When a patient presents to the Emergency Department with testicular pain, an accurate diagnosis may prove difficult as there could be any number of underlying causes. Some of these, such as epididymitis, or inguinal hernia, can be less urgent. On the other hand, a diagnosis such as testicular torsion can have serious consequences if not identified in a timely manner. Missed diagnoses and diagnostic delays, especially in the case of testicular torsion, can lead to testicular loss and infertility. Many such cases have resulted in clinical negligence litigation. (Gaither & Copp, 2016)
For a clinician faced with the complaint of testicular pain, it is important to be aware of the most common causes, how to rule them out and how to proceed if torsion is suspected. The National Institute for Health and Care Excellence (NICE), once again provides useful diagnostic tools for scrotal pain and swelling based on the British Medical Journal (BMJ) best practice guides.
Testicular torsion, the twisting of the spermatic cord, is a urological emergency that, as stated in the NICE guidelines, needs to be diagnosed and treated within 4-8 hours of onset of pain to achieve the best outcome. One in 4000 males younger than 25 are affected annually and 42% of surgeries for testicular torsion result in an orchidectomy—the removal of one or both testes. (Kroger-Jarvis & Gillespie, 2016)
As mentioned above, due to the diagnostic uncertainties and errors which can delay necessary treatment, testicular torsion misdiagnoses often lead to clinical negligence litigation. One such case involved a 14-year-old boy whose father took him to the ED due to intense abdominal and scrotal pain accompanied by nausea. The boy had a previous history of testicular torsion, which had resulted in the loss of his left testis. He also described past episodes of intense pain in the groin area.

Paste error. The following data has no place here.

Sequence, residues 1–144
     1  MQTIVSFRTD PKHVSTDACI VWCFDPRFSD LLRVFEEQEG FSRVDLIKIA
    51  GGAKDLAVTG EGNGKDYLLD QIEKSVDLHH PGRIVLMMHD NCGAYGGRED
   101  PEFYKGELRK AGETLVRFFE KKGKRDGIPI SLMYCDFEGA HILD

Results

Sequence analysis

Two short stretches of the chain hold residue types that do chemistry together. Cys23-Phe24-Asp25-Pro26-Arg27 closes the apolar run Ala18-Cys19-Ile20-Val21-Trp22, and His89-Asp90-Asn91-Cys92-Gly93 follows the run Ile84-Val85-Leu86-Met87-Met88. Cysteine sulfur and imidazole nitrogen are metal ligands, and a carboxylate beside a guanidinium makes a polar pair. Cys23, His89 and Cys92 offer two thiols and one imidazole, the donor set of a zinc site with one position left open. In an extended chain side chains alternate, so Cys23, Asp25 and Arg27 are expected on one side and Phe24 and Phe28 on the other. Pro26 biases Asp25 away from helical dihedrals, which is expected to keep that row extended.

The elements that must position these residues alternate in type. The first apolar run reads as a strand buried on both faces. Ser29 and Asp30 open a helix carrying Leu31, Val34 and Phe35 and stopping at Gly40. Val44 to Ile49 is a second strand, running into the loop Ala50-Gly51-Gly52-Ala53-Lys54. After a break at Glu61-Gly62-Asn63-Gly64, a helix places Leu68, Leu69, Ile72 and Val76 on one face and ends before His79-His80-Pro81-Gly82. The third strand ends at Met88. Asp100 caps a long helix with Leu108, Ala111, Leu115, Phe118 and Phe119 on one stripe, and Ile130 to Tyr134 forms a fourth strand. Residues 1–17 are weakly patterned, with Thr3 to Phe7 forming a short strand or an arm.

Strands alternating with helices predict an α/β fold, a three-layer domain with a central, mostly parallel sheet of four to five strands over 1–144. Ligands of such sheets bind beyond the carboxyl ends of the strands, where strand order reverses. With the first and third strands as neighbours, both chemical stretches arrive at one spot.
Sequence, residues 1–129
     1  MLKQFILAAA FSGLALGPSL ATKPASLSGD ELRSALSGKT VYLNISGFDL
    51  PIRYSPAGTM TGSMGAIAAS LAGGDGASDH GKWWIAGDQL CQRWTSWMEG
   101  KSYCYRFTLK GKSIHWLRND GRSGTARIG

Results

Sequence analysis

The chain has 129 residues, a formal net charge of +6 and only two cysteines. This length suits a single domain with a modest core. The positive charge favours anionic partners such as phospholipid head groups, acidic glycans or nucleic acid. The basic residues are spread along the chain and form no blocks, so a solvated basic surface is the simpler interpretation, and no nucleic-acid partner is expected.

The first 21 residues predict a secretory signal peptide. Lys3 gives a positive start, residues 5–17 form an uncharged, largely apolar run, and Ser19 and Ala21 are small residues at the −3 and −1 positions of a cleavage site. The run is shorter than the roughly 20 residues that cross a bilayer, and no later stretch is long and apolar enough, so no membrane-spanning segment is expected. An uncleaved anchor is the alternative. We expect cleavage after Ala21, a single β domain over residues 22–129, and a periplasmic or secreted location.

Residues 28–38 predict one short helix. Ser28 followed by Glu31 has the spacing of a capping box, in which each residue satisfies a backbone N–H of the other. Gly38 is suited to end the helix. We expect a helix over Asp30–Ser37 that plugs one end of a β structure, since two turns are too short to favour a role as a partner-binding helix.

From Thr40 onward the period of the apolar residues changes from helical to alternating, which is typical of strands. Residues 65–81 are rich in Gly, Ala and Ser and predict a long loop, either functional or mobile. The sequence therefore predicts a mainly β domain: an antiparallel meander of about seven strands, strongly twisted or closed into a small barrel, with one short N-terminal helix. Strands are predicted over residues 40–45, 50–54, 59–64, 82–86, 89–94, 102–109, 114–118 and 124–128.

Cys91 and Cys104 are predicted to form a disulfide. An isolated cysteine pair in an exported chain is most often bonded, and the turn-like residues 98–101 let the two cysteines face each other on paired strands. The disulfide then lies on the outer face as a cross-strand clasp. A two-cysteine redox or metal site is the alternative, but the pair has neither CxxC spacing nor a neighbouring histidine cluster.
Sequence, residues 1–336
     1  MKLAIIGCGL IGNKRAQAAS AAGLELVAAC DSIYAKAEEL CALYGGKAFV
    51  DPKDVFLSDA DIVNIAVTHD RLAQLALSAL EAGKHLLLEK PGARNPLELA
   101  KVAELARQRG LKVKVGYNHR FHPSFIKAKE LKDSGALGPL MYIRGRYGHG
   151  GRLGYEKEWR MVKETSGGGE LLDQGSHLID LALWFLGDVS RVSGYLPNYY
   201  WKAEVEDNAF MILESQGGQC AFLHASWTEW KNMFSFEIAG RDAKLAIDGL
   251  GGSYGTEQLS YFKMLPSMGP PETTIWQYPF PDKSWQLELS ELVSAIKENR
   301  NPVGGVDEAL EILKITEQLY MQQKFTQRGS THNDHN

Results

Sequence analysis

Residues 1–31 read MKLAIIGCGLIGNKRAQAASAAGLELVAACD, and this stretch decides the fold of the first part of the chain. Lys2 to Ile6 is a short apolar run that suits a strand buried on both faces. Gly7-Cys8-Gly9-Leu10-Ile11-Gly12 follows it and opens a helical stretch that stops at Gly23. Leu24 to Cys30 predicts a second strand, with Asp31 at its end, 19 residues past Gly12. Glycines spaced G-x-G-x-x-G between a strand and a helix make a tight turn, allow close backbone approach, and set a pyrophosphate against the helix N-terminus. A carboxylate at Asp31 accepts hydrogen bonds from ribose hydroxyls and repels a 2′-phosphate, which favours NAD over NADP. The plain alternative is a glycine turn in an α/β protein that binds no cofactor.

The attending physician pronounced a diagnosis of epididymo-orchitis, a bacterial inflammation of the tube at the back of the testes, sending the boy home with a prescription for antibiotics. The doctor relied on the assumption that the surgeon who removed the boy’s left testis would have secured the other one in place. That is indeed the customary practice, however it had not been carried out in this case. Three days later the boy’s remaining testis became gangrenous and had to be removed. The court ruled that the boy’s infertility could have been avoided and a substantial sum was ordered to be paid out.
Contrary to the actions of the clinician in this scenario, NICE guidelines recommend immediate admission to urology or paediatric surgery if torsion is suspected. Moreover, these guidelines indicate that there is a high predictive value of testicular torsion when abdominal pain and vomiting are present. It is recommended that clinicians treat past episodes of pain as spontaneous torsion and distortion and that they forego imaging when a history of torsion exists. A negative surgical exploration is considered to be preferable to a missed diagnosis in this scenario.
As the case reviewed above illustrates, it is best to not make any assumptions but rather rely on best practices to guide you through to the most appropriate diagnosis. “If the consequences for the patient would be profound if you are wrong, dismissing a diagnosis without confirmatory investigation results is an extremely risky undertaking.”